Ashland Avenue was in Rush University Medical Center’s way. They got over it.

The new pedestrian bridge at Rush University Medical Center.

This past weekend, the city closed off one block of South Ashland Avenue in the Illinois Medical District to allow Power Construction could lift a pedestrian bridge into place. The bridge connects the new Joan and Paul Rubschlager Building to Rush University Medical Center on the west side of Ashland.

After breaking ground in June of 2019, the 10-story, 480,000-square-foot outpatient care facility is expected to open to patients in 2022 opening. It is a design by West Loop architecture firm Nia Architects in collaboration with HDR.

You might have noticed the bridge on site for several weeks, waiting for liftoff.

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Checking up on the topped-out and craneless Joan and Paul Rubschlager Building at Rush

Joan Paul Rubschlager Building March 2021

The Joan and Paul Rubschlager Building, b/w the Chicago Skyline, from Rush University Medical Center.

What? It’s been more than a year since I was here? Yeah, I guess it’s been awhile for a lot of Chicago construction projects. Stupid pandemic and laziness.

Over at Rush University Medical Center, Power Construction continues work on the Joan and Paul Rubschlager Building. After breaking ground in June of 2019, this 10-story, 480,000-square-foot outpatient care facility still has a long way to go before it’s ready for patients, with a projected 2022 opening date. It is a design by West Loop architecture firm Nia Architects in collaboration with HDR.

 

Progress Update: The Joan and Paul Rubschlager Building

Fun Fact: The crane at Rush University Medical Center’s Joan and Paul Rubschlager Building is the westernmost tower crane currently at work in Chicago. Nope, 1520 West Harrison ain’t all that far west, but it’s the winner. Everything happening cranewise in this town is east of Ashland Avenue.

Funner Fact: Until the stub at 1000M grows into a full-fledged tower crane, and/or the tower crane at 1277 East 60th in Woodlawn is erected, the Rubschlager Building is also Chicago’s southernmost crane, now that 717 South Clark is craneless. Your mind is blown, right?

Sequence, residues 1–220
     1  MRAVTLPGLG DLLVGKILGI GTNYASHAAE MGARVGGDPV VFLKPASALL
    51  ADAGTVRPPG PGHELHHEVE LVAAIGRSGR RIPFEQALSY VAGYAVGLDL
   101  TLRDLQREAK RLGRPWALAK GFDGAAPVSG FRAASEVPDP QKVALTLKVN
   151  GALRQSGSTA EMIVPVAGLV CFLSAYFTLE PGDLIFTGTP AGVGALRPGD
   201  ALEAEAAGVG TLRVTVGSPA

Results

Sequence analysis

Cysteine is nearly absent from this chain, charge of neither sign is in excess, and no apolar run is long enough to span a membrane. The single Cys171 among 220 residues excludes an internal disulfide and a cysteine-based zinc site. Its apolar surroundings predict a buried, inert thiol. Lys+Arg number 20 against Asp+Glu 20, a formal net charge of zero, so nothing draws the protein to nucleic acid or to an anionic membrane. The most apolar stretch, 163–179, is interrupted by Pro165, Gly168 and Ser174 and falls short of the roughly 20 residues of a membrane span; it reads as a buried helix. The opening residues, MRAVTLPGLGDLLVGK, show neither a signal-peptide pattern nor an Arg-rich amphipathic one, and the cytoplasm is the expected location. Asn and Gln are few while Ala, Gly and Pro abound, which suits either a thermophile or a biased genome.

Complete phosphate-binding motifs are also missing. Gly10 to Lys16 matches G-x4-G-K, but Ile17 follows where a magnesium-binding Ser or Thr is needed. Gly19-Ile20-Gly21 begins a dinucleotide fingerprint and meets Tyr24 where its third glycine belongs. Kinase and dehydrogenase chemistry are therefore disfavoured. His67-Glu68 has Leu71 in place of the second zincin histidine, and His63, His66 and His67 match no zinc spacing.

Chicago’s newest tower crane is on the job at Rush’s Rubschlager Building

Two cranes and a skyline at Rush’s Rubschlager Building.

The tower crane is up and running for Power Construction at 1520 West Harrison Street, the site of Rush University Medical Center’s Joan and Paul Rubschlager Building.

I could be wrong, but it appears the tower crane is working on the cofferdam, while the steel is being erected by the rolling crane. (Rolling crane? Street crane? What should I be calling those things?) Whatever they’re called, and whichever is doing what, this dynamic crane duo is piling iron atop iron as the Rubschlager begins its 10-story journey.

 

It’s Crane Time at Rush University Medical Center’s Joan and Paul Rubschlager Building

Joan and Paul Rubschlager Building

Look at all that glorious tower crane gear. It’s time for the Joan and Paul Rubschlager Building to start going vertical.

The Chicago Medical District is getting a new toy. Monday, crews were seen getting ready to erect a tower crane at 1520 West Harrison Street, the site of Rush University Medical Center’s Joan and Paul Rubschlager Building. Ground was officially broken back in June.

Designed by West Loop firm Nia Architects in collaboration with HDR, the Joan and Paul Rubschlager BuildingĀ will be a 10-story, 480,000-square-foot outpatient care facility at the corner of Ashland and Harrison. An elevated walkway over Ashland will connect the new $450,000-million building to the main tower of the hospital. The cancer center, and its accompanying 6-story parking structure, are expected to be open in Spring 2022. Power Construction is serving as the general contractor.

This is a wonderful story. Two amazing people donated a lot of money to bring this much-needed project to fruition. I’ve included several links below for you to learn more about it. I hope you’ll read them. You don’t need words from me; my job is to show you what’s happening from the fringes of the job site.

Joan and Paul Rubschlager Building

Rush University Medical Center

Nia Architects

Cotter Consulting

Crain’s Chicago Business